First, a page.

Nine Men in Gray
Nine Men in Gray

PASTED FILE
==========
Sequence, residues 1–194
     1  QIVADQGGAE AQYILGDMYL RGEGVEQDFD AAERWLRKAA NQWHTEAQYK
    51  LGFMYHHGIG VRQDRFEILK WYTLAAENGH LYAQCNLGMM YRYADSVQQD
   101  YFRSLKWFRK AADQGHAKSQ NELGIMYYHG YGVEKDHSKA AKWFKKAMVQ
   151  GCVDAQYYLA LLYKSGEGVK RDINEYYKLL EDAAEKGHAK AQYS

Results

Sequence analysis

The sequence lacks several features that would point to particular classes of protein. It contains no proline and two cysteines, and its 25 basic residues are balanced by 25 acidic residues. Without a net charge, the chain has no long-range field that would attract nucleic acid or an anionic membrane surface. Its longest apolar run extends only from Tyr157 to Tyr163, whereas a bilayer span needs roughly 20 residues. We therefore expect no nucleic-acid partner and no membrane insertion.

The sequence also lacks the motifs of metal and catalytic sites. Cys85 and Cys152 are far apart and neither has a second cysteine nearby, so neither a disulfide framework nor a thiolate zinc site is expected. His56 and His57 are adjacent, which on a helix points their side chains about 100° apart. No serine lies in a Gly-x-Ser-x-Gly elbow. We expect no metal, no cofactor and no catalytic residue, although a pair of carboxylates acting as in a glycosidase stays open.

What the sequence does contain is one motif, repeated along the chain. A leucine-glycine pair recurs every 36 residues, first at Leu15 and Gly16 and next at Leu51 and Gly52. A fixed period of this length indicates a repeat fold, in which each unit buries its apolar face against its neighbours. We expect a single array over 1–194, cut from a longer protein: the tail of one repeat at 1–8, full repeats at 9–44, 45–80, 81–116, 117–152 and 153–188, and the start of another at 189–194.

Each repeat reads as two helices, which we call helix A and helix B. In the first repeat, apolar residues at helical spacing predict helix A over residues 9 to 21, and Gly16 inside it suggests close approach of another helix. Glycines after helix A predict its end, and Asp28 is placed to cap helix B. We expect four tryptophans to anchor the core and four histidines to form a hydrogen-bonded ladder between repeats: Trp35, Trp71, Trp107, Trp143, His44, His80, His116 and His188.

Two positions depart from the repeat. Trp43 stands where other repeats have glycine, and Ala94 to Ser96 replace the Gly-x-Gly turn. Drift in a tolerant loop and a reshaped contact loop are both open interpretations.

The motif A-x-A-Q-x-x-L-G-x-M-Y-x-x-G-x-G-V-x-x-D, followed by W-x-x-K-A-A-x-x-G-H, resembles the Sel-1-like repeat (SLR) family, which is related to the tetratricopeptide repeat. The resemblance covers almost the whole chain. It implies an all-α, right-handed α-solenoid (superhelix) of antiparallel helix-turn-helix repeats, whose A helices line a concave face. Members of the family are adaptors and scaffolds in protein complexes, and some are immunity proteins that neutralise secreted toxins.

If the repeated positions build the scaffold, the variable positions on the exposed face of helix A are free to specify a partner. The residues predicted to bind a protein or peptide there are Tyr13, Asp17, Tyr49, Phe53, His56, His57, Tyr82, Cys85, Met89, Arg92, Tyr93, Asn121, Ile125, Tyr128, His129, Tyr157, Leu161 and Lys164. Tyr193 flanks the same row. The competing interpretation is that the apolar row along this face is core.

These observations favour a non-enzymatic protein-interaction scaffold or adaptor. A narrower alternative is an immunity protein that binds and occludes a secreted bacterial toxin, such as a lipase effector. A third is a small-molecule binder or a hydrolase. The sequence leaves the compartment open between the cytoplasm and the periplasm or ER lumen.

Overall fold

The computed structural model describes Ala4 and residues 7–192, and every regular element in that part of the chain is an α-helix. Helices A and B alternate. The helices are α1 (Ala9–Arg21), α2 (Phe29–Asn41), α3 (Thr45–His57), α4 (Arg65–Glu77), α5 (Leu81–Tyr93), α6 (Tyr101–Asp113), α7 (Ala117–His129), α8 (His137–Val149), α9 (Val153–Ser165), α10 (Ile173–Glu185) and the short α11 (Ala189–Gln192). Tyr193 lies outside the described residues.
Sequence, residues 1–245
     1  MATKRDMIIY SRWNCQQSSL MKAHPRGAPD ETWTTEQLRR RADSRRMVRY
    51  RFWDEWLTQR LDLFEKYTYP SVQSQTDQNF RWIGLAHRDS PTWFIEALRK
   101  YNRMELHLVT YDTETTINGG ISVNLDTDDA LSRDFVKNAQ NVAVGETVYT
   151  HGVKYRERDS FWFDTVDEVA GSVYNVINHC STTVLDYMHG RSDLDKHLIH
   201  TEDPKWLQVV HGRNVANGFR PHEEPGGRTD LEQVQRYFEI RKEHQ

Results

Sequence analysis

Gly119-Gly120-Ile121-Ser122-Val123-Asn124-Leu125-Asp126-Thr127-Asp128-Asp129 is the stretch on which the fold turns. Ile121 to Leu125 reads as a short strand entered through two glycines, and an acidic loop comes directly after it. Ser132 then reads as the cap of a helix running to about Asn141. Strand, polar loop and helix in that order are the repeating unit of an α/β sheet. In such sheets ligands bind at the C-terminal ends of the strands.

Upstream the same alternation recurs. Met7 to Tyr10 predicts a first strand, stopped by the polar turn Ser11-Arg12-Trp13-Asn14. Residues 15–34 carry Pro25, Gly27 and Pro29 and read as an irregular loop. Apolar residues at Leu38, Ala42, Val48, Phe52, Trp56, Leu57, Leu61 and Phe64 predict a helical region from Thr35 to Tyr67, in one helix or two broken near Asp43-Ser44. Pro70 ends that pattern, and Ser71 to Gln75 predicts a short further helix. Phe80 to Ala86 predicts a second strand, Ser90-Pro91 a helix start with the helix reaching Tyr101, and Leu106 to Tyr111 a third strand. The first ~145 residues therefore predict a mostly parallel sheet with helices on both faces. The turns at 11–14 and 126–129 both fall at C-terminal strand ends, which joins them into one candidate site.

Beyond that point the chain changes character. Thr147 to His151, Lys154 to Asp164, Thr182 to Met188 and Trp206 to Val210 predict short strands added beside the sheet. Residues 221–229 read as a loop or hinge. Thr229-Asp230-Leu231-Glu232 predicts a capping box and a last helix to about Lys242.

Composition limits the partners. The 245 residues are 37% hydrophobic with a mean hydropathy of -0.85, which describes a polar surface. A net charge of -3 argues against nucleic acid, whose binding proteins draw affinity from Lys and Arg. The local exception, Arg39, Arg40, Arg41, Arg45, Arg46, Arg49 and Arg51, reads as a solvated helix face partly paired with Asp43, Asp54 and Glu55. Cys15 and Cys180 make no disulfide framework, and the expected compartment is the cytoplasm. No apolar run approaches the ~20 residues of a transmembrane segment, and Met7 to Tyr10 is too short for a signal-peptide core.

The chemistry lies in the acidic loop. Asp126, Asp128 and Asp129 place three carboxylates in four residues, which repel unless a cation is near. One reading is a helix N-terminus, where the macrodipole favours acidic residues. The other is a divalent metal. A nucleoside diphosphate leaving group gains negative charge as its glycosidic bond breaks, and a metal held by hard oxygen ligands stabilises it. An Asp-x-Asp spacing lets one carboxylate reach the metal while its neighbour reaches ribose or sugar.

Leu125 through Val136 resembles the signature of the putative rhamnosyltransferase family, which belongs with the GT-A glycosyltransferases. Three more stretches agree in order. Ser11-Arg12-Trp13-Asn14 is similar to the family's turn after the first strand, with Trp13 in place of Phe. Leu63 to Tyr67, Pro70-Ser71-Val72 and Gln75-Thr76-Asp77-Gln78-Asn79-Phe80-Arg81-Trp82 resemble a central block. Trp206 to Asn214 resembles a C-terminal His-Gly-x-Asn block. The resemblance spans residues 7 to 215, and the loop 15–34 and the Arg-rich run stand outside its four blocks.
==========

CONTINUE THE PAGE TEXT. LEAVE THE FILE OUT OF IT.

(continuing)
"Combining a broad knowledge of the period with a skillful pen, Dufour has written a lively, reliable, enjoyable narrative. . . . [He] describes his subjects accurately and forcefully. The reader sees men of flesh and blood, not monuments. Each man's contribution to the Confederate cause is evaluated realistically."--Civil War HistoryPorter Alexander is not a household name today, but he should be remembered as one of Robert E. Lee's most valuable officers. Bold and imaginative, Alexander was an artillerist whose service was requested by every Confederate army commander. He and eight other "men in gray" come to life in vivid sketches by Charles L. Dufour. Singled out are Dick Taylor, the handsome son of former president Zachary Taylor who led the Louisiana Brigade; Turner Ashby, an expert horseman whose death in battle typified the doomed gallantry of the Rebels; Pat Cleburne of the Army of Tennessee, who was called "the Stonewall of the West"; "Savez" Read, a navy man who terrorized the Atlantic seaboard in a one-gun sailing vessel; Willie Pegram, a shy Virginian who was a bold cannoneer; Lucius B. Northrop, whose abrasive personality complicated his task of feeding the army; William Mahone, whose ferocious fighting spirit belied his bantam size; and Henry Hotze, who served brilliantly as a Confederate agent and propagandist.Charles L. Dufour's other books include The Night the War Was Lost (1960). Introducing Nine Men in Gray is Gary W. Gallagher, a professor of history at Pennsylvania State University. He is the author of Fighting for the Confederacy: Personal Recollections of General Edward Porter Alexander (1989) and the editor of Lee the Soldier (Nebraska, 1996).